How We Change Our Water

The last post I wrote was about the affect of industrial pollutants like PCBs and mercury on the waterways in the Great Lakes area. Shortly after I wrote the post I heard about the Riverwatch group in Indiana. This is a group of volunteers who are trained in how to monitor streams and rivers in Indiana watersheds. Because this subject was on my mind already I signed up to attend training at Gibson Woods in Hammond, IN on April 30th. (A lovely park I never knew about. I urge people to go. The pond is beautiful.)

A stream may seem like something small when thinking about what’s going on with Lake Michigan but those streams are important. Understanding what a watershed is, exactly, helps us understand that what we do impacts more than just our immediate location. A watershed is ALL the land, above and below the surface, where water that runs off/out of it ends up at one point. We all live in a watershed. You’ve probably seen the signs along highways saying that such and such and area is part of a watershed. What that means is that whatever we put onto the ground in that area or into the water ends up in our larger bodies of water, including Lake Michigan. When we hear about a body of water that’s polluted we tend to think of industry or perhaps farms causing that pollution but we need to remember that we contribute as well. In fact pollution directly from something such as a factory discharging into water is only 25% of the pollution (point source pollution). The remaining 75% is from the land use in a watershed.

How do we contribute? One way is what we put on our lawns or gardens. Nitrogen and phosphorous are ingredients in chemical fertilizers. They are also something that the Riverwatch group tests for in waterways. Just like these chemicals promote the growth of plants and grasses, they increase the growth of algae in water. This algae grows too fast, causing plant death. As the plants die and decompose, the oxygen in the water decreases and fish can die. (One extreme example is the dead zone in the Gulf of Mexico)

The picture at the right from NOAA shows this area and it's dissolved oxygen (DO) level (something else Riverwatch tests). For aquatic life to be happy the DO needs to be at least 5 ppm. On the picture that doesn't start until the lightest shade of green.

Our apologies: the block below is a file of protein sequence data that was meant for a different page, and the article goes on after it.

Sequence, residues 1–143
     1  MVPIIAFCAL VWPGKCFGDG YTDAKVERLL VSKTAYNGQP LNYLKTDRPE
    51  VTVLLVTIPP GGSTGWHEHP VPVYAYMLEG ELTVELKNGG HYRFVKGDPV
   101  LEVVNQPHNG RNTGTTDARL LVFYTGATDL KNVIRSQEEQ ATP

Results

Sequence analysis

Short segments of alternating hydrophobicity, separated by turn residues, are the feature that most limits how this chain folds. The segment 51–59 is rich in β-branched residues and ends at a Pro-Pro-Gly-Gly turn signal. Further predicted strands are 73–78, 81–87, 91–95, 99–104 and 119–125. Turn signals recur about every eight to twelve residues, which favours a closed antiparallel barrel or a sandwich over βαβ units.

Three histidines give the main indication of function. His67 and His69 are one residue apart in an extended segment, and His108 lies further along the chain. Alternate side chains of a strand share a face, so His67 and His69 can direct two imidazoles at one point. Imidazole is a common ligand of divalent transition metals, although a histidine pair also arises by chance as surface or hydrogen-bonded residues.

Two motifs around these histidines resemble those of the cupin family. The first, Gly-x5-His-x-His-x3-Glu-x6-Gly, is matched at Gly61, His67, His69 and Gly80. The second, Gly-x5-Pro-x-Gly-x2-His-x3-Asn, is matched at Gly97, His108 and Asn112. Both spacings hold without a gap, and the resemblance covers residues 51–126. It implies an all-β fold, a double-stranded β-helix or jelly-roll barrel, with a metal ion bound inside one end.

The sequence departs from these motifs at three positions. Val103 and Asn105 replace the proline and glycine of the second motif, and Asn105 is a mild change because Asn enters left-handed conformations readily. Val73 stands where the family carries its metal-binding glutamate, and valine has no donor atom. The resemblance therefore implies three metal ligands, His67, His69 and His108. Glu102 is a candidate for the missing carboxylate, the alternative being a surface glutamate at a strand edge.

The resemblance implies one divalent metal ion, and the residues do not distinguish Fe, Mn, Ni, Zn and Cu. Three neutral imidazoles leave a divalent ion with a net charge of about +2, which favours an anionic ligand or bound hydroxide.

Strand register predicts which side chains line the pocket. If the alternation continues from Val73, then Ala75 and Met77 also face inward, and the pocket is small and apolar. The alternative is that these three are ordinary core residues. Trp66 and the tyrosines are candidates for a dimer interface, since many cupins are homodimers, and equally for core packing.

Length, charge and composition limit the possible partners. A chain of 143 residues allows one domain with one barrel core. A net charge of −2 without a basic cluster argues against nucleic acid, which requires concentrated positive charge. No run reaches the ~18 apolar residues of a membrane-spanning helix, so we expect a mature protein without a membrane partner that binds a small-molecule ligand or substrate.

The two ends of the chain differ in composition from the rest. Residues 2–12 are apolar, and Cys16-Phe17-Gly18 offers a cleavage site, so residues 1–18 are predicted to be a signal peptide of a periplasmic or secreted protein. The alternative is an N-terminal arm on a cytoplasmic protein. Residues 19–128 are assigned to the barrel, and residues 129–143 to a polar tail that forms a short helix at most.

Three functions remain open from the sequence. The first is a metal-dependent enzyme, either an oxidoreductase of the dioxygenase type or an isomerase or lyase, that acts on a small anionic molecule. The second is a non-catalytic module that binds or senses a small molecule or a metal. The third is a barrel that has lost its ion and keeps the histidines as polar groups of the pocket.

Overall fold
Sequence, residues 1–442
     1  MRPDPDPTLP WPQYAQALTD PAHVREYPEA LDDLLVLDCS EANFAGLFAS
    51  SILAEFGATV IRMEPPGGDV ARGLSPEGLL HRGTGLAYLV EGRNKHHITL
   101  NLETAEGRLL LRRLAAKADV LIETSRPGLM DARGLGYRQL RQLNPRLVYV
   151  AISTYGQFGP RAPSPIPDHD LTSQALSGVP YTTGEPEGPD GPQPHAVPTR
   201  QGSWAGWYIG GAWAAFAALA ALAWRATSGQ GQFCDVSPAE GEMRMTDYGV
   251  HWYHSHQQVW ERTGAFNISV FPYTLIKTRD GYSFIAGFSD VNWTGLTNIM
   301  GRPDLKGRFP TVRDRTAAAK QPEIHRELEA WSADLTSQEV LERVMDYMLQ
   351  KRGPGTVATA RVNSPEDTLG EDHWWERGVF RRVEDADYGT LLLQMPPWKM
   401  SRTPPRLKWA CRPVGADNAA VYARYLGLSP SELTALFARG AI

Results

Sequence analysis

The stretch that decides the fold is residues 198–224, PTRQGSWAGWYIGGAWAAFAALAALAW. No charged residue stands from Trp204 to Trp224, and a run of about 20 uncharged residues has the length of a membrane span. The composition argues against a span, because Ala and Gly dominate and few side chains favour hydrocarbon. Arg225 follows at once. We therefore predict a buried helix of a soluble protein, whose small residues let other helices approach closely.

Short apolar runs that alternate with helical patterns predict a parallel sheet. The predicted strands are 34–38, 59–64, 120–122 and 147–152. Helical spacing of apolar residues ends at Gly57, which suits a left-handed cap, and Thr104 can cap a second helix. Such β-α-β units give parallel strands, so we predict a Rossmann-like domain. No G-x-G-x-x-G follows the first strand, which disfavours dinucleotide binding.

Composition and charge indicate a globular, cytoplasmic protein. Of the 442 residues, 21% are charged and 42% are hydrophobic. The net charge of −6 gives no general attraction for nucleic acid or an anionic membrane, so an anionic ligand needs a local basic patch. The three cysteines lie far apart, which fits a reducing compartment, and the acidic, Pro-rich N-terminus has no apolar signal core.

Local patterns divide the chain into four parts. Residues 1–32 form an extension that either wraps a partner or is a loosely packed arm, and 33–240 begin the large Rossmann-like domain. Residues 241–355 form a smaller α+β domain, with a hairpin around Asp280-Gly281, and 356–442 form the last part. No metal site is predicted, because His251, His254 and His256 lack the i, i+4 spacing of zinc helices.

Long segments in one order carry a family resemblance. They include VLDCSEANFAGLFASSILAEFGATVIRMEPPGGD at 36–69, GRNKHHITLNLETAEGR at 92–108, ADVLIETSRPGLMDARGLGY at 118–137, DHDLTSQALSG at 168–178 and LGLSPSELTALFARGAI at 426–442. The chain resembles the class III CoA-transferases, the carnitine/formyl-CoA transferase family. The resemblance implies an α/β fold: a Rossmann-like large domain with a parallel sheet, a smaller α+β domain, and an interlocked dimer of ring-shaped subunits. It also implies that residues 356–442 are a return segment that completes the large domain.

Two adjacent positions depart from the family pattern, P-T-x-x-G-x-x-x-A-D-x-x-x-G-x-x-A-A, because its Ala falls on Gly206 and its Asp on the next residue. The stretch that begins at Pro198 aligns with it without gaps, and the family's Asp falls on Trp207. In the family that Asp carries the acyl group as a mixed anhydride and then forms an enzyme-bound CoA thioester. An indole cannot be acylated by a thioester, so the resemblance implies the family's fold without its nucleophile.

People can help to reduce their impact on the water in their area by avoiding chemical fertilizers. If possible, using native plants in your yard is a good idea. Check out Clear Choices Clean Water for details on ways to do this. To find environmentally friendly lawn care products, I recommend Clean Air Gardening.

Some of the other sources of phosphorous include manure from farm field run off or human waste from failing septic tanks or from municipal treatment discharge. A further source of phosphorous is detergents, so much so that many states are enacting bans on phosphates in detergents. This is good for the environment but many people complain their dishes aren't as clean. I've found that a product called Lemi Shine works WONDERS for cleaning dishes and removing hard water stains.

As far as nitrogen, the ways to reduce phosphorous help but the main source of nitrates in Indiana water is sewage. Unfortunately the only way to reduce that source is infrastructure investment and improvements, something I am not going to address at this time but if you want to understand some of the issues with it check out the movie "The Crumbling of America" from the History Channel. I don't see it on Netflix but it still comes on the History Channel occasionally.

I hope this post gives you some things to think about. Remember, no matter what size, we all have an impact on the environment and every little bit we can do to lessen that helps.